You are about to be transported to a place of lush beauty, where rainfall is abundant but the growing season is short (only 4 months). Given these circumstances, the Roger Van den Hende Botanical Gardens in Quebec City celebrate every moment with color, fragrance and texture.
At first glance you wouldn’t know it was a garden. The entrance presents a metal and glass building that looks more like a laboratory than a botanical garden. Indeed, inside were rows of plants in nursery pots, sitting on tables with cables and wires connected to sensors and meters. What’s going on in there? Plant trials, we think, but we’ll never know–that part was closed to the public. But behind that…
The garden was established in 1963 by Belgian-born Van den Hende, who wanted to create an experimental garden for students of Universite Laval to observe “conditions of hybridization.” The 15-acre plot includes a water garden, flower beds, vegetable garden, and compost demonstration area.
The vegetable garden was arranged in organized rows for easy observation and study. Along with our favorites (kale, basil, etc.) we found some unusual characters.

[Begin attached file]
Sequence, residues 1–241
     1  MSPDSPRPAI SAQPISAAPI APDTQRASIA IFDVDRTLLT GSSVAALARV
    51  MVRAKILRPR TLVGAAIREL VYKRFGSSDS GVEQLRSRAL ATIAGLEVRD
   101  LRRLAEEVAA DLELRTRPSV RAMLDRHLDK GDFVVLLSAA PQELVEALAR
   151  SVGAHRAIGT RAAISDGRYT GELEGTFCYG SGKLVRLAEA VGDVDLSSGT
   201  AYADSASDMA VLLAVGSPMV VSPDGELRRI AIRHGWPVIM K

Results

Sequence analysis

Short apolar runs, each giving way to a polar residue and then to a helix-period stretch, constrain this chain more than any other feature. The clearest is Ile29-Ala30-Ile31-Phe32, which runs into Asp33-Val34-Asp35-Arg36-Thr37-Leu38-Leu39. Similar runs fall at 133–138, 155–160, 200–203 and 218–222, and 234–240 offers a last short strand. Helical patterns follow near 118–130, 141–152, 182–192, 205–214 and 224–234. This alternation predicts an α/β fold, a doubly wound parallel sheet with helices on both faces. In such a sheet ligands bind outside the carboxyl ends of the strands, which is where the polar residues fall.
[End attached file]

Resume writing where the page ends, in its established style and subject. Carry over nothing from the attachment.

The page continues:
A shady area sheltered a composting demonstration display. Four or five different compost bins had placards near by explaining the benefits and science behind composting. The display encouraged homeowners and kids to start composting at home.
A quick walk around to the entrance revealed more splendor with border gardens of salvias, rudbeckia, and more.
Tucked behind all the formal gardens sat a meadow with fruit trees. We nearly hit our heads on a few low-hanging pears before we realized what was overhead.
Not only was it an educational space, but it was the perfect spot to take pictures for the Gardenerd photo library. We’ll leave you with this grape image, which was taken along a fence neighboring the vegetable garden.
For more information about the work being done at Universite Laval’s Roger Van den Hende Botanical Garden, visit the website.